A Sand Hill Road in the Sky: Inside Venture Capital’s New Power Building

I really should show you the roof,” said Alexa von Tobel, perched on a white bouclé chair in the gleaming Manhattan offices of her venture firm, Inspired Capital. “Let’s pop up there.”

We whisked out of the ninth-floor conference room, past a large portrait by Alex Katz, the Brooklyn-born artist currently receiving a Guggenheim Museum retrospective, to ascend to the top of 817 Broadway. The 125-year-old Beaux Arts tower just below Union Square has turned into an unexpected locus for New York City’s tech investors and founders, not to mention their spouses, siblings, college friends and interior designers.

“They did a beautiful job,” said von Tobel, exiting from an elevator onto a finished roof deck with tables and benches encircled by the space’s distinguishing feature: a crown of brick arches. “The views are insane. At night, the city is glowing. And when it’s not freezing, you can work from up here.” You can throw parties up here, too, as Inspired has done with fellow building tenant Union Square Ventures.

While big tech has claimed an ever-larger slice of the Big Apple over the last several years—Netflix has a new studio in Brooklyn, Meta Platforms has spread to the stately Farley Building near Penn Station and Google has expanded to fresh confines at Pier 57—the city’s venture capitalists have carved up a smaller footprint centered around a single area, roughly a mile south and a mile west of Union Square. And as VCs have sought square footage here, 817 Broadway has become a blinking-red beacon.

National Real Estate Advisors and Taconic Partners Celebrate Topping Out of 312 West 43rd Street

New York, N.Y. (December 12, 2022) – National Real Estate Advisors, LLC (National) and Taconic Partners, along with Triton Construction and hundreds of women and men from the building trades, celebrate 312 West 43rd Street’s topping out, the ceremonial marking of completing vertical construction.

The 367,000-square-foot, mixed-use development project is located at the vibrant confluence of Times Square and Hell’s Kitchen. Designed by Handel Architects, the 33-story building will contain 330 rental apartments accessed via a distinct 43rd Street entrance, and approximately 42,000 square feet of prominently positioned retail spread across two floors on West 42nd and West 43rd Streets.

“Our experience in this market, paired with the expertise and vision of the Taconic team, should create one of the highest-quality living options in the burgeoning Midtown West,” stated Jeffrey Kanne, president and CEO of National. “We are proud of the hundreds of jobs this project is creating within the community and would like to thank our experienced and steadfast labor partners for their dedication.”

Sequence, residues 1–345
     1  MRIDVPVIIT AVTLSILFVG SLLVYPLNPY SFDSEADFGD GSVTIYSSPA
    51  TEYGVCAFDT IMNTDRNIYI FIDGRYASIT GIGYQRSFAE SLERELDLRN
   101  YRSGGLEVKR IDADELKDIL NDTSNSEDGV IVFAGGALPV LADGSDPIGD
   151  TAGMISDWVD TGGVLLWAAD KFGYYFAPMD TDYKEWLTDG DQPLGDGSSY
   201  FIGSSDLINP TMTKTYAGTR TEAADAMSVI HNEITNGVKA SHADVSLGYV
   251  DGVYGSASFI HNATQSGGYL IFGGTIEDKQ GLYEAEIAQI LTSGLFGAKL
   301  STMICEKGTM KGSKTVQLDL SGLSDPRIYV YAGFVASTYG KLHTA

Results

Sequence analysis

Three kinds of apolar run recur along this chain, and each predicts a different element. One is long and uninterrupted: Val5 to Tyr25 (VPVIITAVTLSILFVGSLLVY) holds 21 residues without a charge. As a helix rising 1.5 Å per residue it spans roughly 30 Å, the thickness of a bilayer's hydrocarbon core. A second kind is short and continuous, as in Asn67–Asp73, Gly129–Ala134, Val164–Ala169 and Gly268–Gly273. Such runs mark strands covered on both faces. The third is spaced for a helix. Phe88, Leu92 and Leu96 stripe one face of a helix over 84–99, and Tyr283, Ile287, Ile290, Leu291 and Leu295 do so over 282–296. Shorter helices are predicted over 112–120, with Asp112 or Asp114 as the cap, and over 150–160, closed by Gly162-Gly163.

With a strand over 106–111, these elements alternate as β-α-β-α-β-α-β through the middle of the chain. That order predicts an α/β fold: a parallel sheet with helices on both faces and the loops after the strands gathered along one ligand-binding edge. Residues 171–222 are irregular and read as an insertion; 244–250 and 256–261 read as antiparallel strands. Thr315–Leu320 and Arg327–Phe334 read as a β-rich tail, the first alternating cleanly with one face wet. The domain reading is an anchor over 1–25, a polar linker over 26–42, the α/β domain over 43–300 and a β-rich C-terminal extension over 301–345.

The property will be further enhanced with over 28,000 square feet of indoor and outdoor wellness-centric tenant amenities, including a rooftop pool and landscaped outdoor space accessible by residents across multiple floors. The building has also been uniquely engineered to provide filtered outside air to all residences and common spaces. Situated amidst an abundance of restaurants, entertainment and retail offerings, the site is adjacent to 12 subway lines with direct access to Grand Central Terminal, Hudson Yards, The Port Authority and Penn Station.

“312 West 43rd Street was thoughtfully designed to bring its residents an unparalleled combination of bespoke homes, contemporary amenities and convenient proximity to commercial office centers and mass transportation hubs,” said Colleen Wenke, president and chief operating officer of Taconic Partners. “We’re excited to celebrate this topping out milestone alongside our partners, and are now one step closer to bringing one of the city’s most celebrated neighborhoods its next iconic residential and retail destination.”

Taconic and National leased the ground rights for 99 years from the respected 1199SIEU Health Care Workers Union for the redevelopment of the site, which is expected to be completed in Fall 2024.

Taconic Partners secures 151K-square-foot industrial lease in Morristown

When Taconic Partners launched its industrial investment strategy, it chose New Jersey to do so. Now, the company from neighboring New York has secured a lease for 151,000 square feet at that Morristown property, marking the first milestone, it said, along that course.

Allmodes Transport Inc. signed a 151,000-square-foot lease renewal at 1 Cory Road, Taconic announced Nov. 8 — the company’s first industrial investment.

Situated on 17 acres, Taconic and Nuveen Real Estate acquired the 297,000-square-foot warehouse facility for $55 million last December.

“Recently, we launched a new initiative to begin investment in well-located, superior, industrial assets and 1 Cory Road really fit our investment thesis,” Vice President David Milch said in a statement.

The company reported Morristown’s vacancy rate at 0.6%.